I think of it as Monopoly money, and I figure I spent the vast majority of my little paper bucks in my adolescence and twenties. So now that I’m kind of elderly you guys are spared the worst of it.

      Still, I grew up in an enormous extended family of California Gothic wiseacres, where tough talk was always about the punchlines, and opinions were worth a whole lot but getting a laugh out of someone was worth more. I married my husband partly because he makes me laugh harder than anyone I’ve ever known.

      And I’ve found the blogoshere to be an extraordinarily liberating world, where I can stop wondering whether or not anyone else is laughing and just assume that if you don’t have the same sense of humor I do you’ll quietly wander away, and if you do we’ll wind up laughing together.

    3. Have the courage to carry on nonsense monologues with yourself

      This is the biggest thing I’ve learned from Jenny about Twitter: a lot more people are reading it at any given time than it seems, and those people love to be entertained. Not only that, some percentage of them love to jump in and entertain back.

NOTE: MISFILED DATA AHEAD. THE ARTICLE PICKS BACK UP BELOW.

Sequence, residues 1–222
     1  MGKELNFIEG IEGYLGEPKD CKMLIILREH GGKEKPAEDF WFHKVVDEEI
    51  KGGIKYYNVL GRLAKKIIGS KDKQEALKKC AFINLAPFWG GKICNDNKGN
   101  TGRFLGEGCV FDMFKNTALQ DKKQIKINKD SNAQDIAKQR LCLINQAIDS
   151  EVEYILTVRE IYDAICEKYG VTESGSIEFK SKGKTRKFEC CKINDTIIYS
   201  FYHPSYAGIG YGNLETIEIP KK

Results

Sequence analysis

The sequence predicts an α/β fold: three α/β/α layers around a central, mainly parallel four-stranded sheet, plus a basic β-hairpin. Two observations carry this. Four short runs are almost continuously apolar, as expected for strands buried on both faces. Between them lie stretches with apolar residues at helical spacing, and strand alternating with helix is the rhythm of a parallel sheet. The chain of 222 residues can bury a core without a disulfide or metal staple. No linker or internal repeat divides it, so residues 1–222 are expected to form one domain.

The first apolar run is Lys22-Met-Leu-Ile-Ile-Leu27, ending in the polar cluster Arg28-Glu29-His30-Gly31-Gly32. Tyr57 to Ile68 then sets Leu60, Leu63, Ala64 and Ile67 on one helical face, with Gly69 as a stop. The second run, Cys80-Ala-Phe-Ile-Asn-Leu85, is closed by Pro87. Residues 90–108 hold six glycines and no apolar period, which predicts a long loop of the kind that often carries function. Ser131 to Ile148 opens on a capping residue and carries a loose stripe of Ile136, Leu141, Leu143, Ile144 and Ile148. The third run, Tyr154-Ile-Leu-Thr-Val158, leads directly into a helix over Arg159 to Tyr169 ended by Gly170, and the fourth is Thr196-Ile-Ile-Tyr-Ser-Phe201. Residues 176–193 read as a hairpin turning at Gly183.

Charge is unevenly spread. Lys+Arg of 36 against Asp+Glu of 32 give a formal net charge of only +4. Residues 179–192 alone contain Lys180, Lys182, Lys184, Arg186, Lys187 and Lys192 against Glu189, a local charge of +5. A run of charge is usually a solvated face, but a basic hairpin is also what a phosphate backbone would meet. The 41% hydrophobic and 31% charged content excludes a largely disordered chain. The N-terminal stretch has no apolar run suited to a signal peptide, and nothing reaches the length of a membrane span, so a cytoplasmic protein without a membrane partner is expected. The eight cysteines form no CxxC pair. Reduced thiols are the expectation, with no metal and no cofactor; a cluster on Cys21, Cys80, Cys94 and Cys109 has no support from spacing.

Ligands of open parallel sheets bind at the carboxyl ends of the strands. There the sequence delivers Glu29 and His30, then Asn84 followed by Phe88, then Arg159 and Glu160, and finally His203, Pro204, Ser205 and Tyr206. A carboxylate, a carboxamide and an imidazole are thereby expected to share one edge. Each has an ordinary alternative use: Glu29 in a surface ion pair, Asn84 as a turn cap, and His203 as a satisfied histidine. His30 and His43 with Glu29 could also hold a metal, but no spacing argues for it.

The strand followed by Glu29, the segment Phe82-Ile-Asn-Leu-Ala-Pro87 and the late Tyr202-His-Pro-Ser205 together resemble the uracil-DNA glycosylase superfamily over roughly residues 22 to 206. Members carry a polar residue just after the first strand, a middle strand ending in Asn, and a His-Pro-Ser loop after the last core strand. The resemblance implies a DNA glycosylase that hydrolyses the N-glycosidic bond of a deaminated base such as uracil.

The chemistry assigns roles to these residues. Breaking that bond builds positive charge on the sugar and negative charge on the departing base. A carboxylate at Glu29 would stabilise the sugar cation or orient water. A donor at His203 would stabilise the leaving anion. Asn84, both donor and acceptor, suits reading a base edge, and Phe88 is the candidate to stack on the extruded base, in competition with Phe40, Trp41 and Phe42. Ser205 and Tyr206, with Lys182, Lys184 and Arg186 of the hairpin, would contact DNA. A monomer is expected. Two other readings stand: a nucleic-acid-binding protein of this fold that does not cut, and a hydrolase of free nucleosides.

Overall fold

This doesn’t mean anyone wants to know what I had for lunch. Even I don’t care what I had for lunch.

      But when I did impromptu #editingchats last year, people came out of the woodwork to join in, even calling to each other like kids on a playground, “Whoo-hoo! They’ve started a game over there. Let’s go!”

      And every time I’ve just gotten silly, I’ve received instant responses from people who love silliness—people who love that moment when we can all see the fireworks going off in the distance in the same shared sky.

    4. Trust your readers & express sincere gratitude for them

      This is something the writers of books and periodicals don’t train themselves to do, and it’s something marketers often think they’re doing but—so long as the dollar signs are still lurking there in the backs of their eyes—are not.

      Jenny trusts her readers. She doesn’t respond to every comment on her blog or even every tweet directed at her. Holy cow. She’d never have time to go to the bathroom. But sometimes, you know, that’s a nice feeling as a commenter, that she’s not necessarily waiting to leap out of her chair and rush across the room to yank off my shoes and pull over a seat for me. Sometimes it’s more fun to just join the crowd and chat amongst ourselves. We have things to say, conversations to have with each other. It’s a gang rather than a greeting line. It’s like the time I drove with friends from San Luis Obispo to Santa Cruz in my old flannel pajamas because I knew that at the party we were going to that would be okay.

      In fact, Jenny doesn’t even have that most-common of marketing commodities, a newsletter. Readers can’t make funny comments on a newsletter.